Iridescence by Peter Bruun, pastel & ink on paper, 15″ x 11″, 2019
On the anniversary of his daughter’s death from an accidental overdose, a drawing with writing by Peter about that day.
She fell and we fell: you and me collapsed in our room at the Lake Point Inn, bawling, I still smell that floor, carpet mingled in musk and grind, you and me there, our bodies inside out. We touched. We wanted our fingertips to fix each other, to heal. We touched. For we did not know what else to do. Our baby.
Once I dreamed of a bleeding cornfield, red and black. Everyone is dead. “Everyone is dead! Everyone is dead!” I keep crying, unbelieving. The cornfield is within a painting hung on the wall across the way in the foyer of my father’s home from childhood. It distracts me, the yellow ochre stalks oozing red and black. It takes my mind from the dying of all whom I love, and I step toward it in fascination, moving in close to the pooling reds and widening blacks.
After a while, from some deep place of wisdom, you suggested it would be good to move our bodies; to go ahead and cross-country ski, as we had been getting dressed to do when we got the call. It felt impossible, but somehow our bodies obeyed.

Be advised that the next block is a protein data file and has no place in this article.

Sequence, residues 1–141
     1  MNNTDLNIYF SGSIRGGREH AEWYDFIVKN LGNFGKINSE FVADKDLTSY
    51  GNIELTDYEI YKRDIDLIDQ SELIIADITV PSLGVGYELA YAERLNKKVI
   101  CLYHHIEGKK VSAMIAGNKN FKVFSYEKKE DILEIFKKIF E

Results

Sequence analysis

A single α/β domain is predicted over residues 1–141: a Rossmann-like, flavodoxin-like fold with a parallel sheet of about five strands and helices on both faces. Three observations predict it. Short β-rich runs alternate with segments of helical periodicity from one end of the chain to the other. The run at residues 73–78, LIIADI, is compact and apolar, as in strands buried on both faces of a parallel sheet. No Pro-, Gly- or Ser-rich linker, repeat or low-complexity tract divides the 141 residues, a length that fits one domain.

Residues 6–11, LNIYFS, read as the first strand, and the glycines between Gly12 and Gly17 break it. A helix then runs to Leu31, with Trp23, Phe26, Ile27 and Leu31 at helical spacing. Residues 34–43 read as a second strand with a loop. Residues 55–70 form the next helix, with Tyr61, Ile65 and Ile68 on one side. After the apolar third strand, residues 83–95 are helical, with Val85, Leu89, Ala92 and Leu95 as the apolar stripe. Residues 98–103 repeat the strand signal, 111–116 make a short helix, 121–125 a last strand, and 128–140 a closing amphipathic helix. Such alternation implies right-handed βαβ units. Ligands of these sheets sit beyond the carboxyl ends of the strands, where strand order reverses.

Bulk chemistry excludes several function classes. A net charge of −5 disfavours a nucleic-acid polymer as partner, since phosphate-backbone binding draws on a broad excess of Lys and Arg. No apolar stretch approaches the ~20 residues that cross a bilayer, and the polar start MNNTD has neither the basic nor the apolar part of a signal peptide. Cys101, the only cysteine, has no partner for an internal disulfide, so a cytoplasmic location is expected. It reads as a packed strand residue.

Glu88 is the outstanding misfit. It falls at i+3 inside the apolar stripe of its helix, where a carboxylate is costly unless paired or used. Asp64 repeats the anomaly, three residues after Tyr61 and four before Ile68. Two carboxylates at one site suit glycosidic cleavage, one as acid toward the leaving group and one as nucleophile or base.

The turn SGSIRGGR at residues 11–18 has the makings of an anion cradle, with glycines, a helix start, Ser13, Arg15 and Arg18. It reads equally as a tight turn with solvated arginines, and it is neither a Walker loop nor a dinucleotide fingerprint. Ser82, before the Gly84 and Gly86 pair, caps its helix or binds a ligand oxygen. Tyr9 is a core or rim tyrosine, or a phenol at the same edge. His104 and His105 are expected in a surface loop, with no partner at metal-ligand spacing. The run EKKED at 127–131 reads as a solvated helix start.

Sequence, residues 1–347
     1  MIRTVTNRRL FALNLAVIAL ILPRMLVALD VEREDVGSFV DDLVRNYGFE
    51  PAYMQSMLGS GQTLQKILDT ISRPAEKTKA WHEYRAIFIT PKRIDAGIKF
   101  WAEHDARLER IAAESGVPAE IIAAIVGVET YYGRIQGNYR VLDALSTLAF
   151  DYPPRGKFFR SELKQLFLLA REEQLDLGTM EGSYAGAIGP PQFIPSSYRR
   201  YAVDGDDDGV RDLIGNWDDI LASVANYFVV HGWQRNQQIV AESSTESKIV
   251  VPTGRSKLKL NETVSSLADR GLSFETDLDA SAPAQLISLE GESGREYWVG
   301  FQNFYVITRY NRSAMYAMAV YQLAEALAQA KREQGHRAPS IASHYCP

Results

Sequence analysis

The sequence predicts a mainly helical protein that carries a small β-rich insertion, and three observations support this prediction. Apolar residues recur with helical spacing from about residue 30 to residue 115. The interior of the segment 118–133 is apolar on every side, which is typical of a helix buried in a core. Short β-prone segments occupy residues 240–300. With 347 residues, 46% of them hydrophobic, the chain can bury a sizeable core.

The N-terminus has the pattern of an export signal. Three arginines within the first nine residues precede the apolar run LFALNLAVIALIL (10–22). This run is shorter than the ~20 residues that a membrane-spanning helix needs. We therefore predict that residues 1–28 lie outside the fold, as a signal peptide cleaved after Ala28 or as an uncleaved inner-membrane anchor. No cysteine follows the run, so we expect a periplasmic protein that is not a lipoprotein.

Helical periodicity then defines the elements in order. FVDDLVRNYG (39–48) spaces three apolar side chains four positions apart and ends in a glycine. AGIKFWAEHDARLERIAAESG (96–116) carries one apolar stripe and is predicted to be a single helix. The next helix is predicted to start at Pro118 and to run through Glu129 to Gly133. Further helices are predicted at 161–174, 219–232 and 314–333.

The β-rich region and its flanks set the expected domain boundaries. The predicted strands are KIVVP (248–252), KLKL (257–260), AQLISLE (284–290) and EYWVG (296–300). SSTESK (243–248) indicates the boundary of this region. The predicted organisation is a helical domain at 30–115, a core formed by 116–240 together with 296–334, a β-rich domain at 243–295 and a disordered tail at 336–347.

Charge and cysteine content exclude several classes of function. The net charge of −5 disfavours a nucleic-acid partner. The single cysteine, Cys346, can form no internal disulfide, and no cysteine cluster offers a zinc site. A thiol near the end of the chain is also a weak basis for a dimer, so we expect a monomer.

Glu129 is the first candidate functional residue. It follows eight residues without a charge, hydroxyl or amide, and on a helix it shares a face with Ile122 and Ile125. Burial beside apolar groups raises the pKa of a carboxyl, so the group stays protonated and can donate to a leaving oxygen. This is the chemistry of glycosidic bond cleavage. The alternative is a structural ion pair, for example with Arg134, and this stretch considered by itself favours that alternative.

I look at the reds, I look at the blacks, and those blacks are not black, for in those blacks, shimmering with iridescence, are the most beautiful colors I have ever seen. I woke up.
Sun washing across snow-covered Deep Creek Lake on this perfect crystalline day, the worst day of my life, my daughter dead. She was dead. She was dead, and we made our bodies move. And as we moved, one painful motion at a time, I looked up. There, dancing in the air, in the sparkling light, were the most beautiful colors I had ever seen, shimmering in the white with the iridescence of a dream.
Elisif Janis Bruun, March 20, 1989 – February 11, 2014